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Russian Hackers Tried Duping German Politicians Before Elections | #hacking | #cybersecurity | #infosec | #comptia | #pentest | #hacker | #hacking | #aihp

(Bloomberg) — Russian spies waged a hacking campaign targeting German political parties by attempting to trick them with fake dinner invitations, according to new research from Mandiant.

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The hackers, known as APT29 and linked by Mandiant to Russia’s SVR foreign intelligence service, have previously been known to target diplomatic entities, but have pivoted for the first time to focus on political parties, a Mandiant report warned. The shift indicates “a broad threat to European and other Western political parties” from across the political spectrum, the report said.

“This targeting should be a concern for Germany, Europe and even the United States,” said John Hultquist, chief analyst at Mandiant Intelligence, a cyber unit of Google Cloud. “Our concern is that this may not be an isolated case, and other organizations – even some outside of politics – could be targeted in the near future, as APT29 also targets technology services to gain access to their downstream clients.”

Posing as representatives from Germany’s center-right Christian Democratic Union party, the Russian hackers emailed a fake invite to a dinner reception that they claimed would be hosted on March 1, according to Mandiant’s report. The invite asked those interested in attending to click a link, which directed them to a malicious file hosted on a website the hackers controlled.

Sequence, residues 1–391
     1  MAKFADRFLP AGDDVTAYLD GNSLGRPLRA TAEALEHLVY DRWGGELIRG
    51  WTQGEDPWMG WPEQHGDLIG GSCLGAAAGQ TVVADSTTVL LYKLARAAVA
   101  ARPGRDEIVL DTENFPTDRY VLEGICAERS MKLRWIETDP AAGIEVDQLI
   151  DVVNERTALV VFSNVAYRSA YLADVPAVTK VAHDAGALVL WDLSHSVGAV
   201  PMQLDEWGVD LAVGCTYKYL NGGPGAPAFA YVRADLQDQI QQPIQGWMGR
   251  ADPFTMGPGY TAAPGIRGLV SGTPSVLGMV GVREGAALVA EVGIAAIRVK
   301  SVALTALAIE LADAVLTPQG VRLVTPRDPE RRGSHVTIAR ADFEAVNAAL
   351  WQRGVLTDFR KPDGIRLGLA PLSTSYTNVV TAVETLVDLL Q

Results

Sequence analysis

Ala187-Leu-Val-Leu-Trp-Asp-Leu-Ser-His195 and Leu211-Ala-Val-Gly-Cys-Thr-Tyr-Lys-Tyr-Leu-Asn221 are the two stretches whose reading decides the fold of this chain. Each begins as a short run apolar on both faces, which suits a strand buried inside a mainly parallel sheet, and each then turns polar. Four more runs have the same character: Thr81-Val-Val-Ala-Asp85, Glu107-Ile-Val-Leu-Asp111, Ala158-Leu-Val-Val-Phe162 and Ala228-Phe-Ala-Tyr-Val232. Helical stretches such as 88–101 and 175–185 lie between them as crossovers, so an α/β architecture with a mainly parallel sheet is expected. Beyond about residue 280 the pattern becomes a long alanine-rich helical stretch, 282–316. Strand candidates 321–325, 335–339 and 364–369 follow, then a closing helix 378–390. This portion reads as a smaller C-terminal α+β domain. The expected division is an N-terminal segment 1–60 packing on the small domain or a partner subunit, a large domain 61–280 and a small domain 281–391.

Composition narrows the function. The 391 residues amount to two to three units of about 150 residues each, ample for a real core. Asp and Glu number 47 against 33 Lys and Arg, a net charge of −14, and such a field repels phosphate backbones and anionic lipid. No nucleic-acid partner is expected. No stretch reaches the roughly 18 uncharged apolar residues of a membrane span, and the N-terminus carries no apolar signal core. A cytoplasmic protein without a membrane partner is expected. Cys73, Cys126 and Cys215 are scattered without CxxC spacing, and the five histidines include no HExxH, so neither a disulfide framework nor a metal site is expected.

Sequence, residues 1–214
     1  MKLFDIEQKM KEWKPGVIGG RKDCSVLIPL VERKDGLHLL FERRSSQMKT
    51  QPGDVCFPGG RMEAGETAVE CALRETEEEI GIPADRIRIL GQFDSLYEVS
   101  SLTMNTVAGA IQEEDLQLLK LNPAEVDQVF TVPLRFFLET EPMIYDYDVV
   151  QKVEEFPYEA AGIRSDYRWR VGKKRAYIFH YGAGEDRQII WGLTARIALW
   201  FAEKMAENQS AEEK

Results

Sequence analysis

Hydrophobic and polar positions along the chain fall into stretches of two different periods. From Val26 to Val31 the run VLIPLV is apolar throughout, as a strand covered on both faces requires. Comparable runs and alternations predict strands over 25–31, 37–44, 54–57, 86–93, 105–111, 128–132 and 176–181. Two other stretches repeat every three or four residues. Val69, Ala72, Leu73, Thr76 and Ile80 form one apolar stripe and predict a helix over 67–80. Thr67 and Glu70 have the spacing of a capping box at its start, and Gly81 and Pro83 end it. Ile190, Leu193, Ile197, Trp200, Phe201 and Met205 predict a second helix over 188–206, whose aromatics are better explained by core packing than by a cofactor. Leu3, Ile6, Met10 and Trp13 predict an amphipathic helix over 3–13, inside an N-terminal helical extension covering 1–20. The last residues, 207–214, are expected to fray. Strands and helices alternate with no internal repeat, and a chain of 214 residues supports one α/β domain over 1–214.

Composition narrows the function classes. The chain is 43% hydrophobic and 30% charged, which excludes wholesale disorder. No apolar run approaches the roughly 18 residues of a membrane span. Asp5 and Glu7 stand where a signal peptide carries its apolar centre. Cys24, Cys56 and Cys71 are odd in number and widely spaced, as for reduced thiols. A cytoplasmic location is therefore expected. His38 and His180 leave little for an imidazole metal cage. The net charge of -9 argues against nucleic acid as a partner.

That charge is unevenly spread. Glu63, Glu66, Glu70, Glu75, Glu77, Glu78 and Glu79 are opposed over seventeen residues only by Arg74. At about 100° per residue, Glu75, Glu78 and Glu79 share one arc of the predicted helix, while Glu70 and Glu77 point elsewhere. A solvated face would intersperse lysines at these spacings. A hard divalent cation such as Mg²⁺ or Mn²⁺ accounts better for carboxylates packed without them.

In Germany, elections for European Parliament are scheduled to occur in June. German Chancellor Olaf Scholz has pushed other countries in the EU to remain steadfast in their support of Ukraine amid Russia’s invasion of that country.

The Russian hackers’ shift toward targeting political parties is in line with the Kremlin’s interest in understanding decision-making related to Ukraine and other issues, the report added.

Some of the hacking tools the suspected Russian spies used in the German case were first observed by security researchers in late January 2024 in an operation targeting likely diplomatic entities in the Czech Republic, Germany, India, Italy, Latvia and Peru, according to the report.

“Outside of Ukraine, there is no bigger priority for Russia’s intelligence services right now than monitoring changing Western political dynamics,” said Dan Black, principal analyst at Mandiant. “This latest targeting is not just about going after the CDU or Germany. It is part of Russia’s wider effort aimed at finding ways to undermine European support for Ukraine.

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